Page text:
Pay for iPhones like apps? ‘Compared to Starbucks coffee, NYT fee, iPhone is a bargain'
Apple Inc. is working on a subscription service for the iPhone and other hardware products.
Apple Inc. is working on a subscription service for the iPhone and other hardware products, a move that could make device ownership similar to paying a monthly app fee, according to people with knowledge of the matter.
The service would be Apple's biggest push yet into automatically recurring sales, allowing users to subscribe to hardware for the first time -- rather than just digital services. But the project is still in development, said the people, who asked not to identified because the initiative hasn't been announced.
Apple shares climbed to a session high after Bloomberg reported on the news Thursday and closed up 2.3% at $174.07. Though the stock is still down 2% for the year, Apple has now posted eight straight days of increases -- its longest streak since November.
Adopting hardware subscriptions, akin to an auto-leasing program, would be a major strategy shift for a company that has generally sold devices at full cost outright, sometimes through installments or with carrier subsidies. It could help Apple generate more revenue and make it easier for consumers to stomach spending thousands of dollars on new devices.
Already, the iPhone is Apple's biggest source of sales, generating nearly $192 billion last year -- more than half the company's revenue.
A spokeswoman for Cupertino, California-based Apple declined to comment on the company's plans.
The idea is to make the process of buying an iPhone or iPad on par with paying for iCloud storage or an Apple Music subscription each month. Apple is planning to let customers subscribe to hardware with the same Apple ID and App Store account they use to buy apps and subscribe to services today.
The program would differ from an installment program in that the monthly charge wouldn't be the price of the device split across 12 or 24 months. Rather, it would be a yet-to-be-determined monthly fee that depends on which device the user chooses.
The company has discussed allowing users of the program to swap out their devices for new models when fresh hardware comes out. It historically releases new versions of its major devices, including the iPhone, iPad and Apple Watch, once a year.
Apple has been working on the subscription program for several months, but the project was recently put on the back burner in an effort to launch a “buy now, pay later” service more quickly. Nonetheless, the subscription service is still expected to launch at the end of 2022, but could be delayed into 2023 or end up getting canceled, the people said.
Bloomberg reported last year that the company has been working on a “buy now, pay later” service for all Apple Pay transactions.
The company has had preliminary discussions internally about attaching the hardware subscription program to its Apple One bundles and AppleCare technical support plans. Apple launched the bundles in 2020 to let users subscribe to several services -- including TV+, Arcade, Music, Fitness+ and iCloud storage -- for a lower monthly fee.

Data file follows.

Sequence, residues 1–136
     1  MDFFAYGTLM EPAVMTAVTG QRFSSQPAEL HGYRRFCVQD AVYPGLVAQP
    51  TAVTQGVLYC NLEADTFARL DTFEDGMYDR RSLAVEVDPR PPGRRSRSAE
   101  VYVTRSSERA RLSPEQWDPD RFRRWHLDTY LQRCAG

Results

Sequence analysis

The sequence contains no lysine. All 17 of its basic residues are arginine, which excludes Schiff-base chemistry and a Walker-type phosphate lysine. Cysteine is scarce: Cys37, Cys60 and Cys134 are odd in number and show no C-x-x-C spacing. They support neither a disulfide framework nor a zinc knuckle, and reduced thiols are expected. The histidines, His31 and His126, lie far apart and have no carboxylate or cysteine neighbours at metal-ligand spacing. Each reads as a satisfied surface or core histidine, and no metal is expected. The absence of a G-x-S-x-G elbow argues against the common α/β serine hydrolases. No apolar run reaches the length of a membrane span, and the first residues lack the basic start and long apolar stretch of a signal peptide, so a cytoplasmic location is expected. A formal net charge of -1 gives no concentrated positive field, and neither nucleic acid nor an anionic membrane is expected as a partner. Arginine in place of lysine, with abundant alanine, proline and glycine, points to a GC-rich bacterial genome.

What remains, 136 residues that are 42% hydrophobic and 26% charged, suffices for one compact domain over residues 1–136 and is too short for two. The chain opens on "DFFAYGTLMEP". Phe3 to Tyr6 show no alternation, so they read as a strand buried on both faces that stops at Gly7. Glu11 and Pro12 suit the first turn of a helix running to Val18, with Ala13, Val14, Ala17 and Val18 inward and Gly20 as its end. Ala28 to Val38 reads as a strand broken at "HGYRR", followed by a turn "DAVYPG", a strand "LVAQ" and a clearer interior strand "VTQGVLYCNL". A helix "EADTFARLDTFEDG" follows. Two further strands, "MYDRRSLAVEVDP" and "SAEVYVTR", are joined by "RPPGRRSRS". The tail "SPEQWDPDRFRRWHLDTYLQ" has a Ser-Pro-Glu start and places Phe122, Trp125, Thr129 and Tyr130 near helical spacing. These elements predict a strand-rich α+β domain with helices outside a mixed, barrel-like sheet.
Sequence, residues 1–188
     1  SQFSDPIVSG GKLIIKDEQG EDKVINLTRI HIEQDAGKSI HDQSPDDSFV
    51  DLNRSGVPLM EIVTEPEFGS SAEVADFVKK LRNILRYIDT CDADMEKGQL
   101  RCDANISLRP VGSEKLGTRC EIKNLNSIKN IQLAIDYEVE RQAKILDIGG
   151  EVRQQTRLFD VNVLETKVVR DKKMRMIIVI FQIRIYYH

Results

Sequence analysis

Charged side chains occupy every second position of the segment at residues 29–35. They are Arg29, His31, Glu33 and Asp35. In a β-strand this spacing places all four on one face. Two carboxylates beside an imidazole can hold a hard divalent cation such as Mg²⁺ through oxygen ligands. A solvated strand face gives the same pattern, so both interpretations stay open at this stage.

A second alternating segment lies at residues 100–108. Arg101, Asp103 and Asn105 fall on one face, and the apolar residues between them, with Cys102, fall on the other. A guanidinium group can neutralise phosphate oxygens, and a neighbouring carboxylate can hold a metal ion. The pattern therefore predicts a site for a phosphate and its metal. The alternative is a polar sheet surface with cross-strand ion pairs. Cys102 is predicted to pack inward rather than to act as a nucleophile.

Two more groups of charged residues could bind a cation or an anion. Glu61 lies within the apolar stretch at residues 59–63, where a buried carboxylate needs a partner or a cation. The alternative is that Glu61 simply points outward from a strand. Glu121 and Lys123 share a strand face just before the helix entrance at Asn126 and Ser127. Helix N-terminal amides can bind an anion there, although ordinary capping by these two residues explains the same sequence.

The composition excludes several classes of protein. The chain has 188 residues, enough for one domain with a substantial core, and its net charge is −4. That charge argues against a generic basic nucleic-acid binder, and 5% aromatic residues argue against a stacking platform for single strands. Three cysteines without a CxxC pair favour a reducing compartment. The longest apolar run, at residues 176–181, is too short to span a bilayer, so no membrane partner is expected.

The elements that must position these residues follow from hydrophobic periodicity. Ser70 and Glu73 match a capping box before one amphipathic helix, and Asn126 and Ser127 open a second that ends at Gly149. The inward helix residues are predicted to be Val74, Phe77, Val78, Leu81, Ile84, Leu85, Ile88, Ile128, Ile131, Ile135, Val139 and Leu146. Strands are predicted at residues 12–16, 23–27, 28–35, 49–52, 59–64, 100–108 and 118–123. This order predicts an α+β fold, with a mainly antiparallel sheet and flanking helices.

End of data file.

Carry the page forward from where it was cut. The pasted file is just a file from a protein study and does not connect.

The subscriptions would likely be managed through a user's Apple account on their devices, through the App Store and on the company's website. It would likely also be an option at checkout on Apple's online store and at its physical retail locations. Apple accounts are typically tied to a user's credit or debit card.
The iPhone maker wouldn't be the first company to push hardware subscriptions. Peloton Interactive Inc. recently started testing a subscription service that lets consumers lease bikes and fitness content for between $60 and $100 per month. Google also has tried a similar approach with its Chromebook laptops, targeting corporate customers.
And Apple has offered several installment programs in the past to split up the cost of devices, though not with a subscription model.
In 2015, the company launched the iPhone Upgrade Program, financed through Citizens One Personal Loans, that let users spread the cost of an iPhone over 24 months and upgrade to a new model every 12 months. It also lets Apple Card users divide the cost of an iPhone or Apple Watch over 24 months or an iPad or Mac over 12 months. Wireless carriers offer several monthly installment programs as well.
The new approach could make existing services less appealing. A subscription program tied to an Apple account would likely be simpler to manage than a carrier program or even the installment plans for the Apple Card.
Some on Wall Street have previously urged Apple to switch to a subscription model. Sanford C. Bernstein & Co. analyst Toni Sacconaghi pitched the idea of hardware subscriptions in 2016, saying at the time that it could help Apple get to a $1 trillion market valuation. Apple hit that milestone without embracing the approach -- it's currently worth $2.84 trillion -- but Sacconaghi recirculated the report on Thursday.
Compared with Starbucks coffee or a New York Times subscription, the iPhone is a bargain, he said.
“Many customers would struggle to think of a single possession they use more than their iPhones,” he said. “Moreover, the cost of the iPhone is a relative bargain versus other services for which consumers willingly pay.”
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